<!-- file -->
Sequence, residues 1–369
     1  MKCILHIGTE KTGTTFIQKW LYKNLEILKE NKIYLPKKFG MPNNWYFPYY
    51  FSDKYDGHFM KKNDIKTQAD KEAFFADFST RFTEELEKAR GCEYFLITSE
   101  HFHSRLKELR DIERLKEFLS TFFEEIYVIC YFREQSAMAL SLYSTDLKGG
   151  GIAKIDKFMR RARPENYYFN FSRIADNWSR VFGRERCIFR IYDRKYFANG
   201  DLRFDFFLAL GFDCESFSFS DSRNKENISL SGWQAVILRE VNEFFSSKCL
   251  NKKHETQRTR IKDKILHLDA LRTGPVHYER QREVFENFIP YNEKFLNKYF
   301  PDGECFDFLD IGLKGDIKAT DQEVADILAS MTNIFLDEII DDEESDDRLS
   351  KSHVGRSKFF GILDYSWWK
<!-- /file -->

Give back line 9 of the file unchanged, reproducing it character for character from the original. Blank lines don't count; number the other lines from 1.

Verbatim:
   351  KSHVGRSKFF GILDYSWWK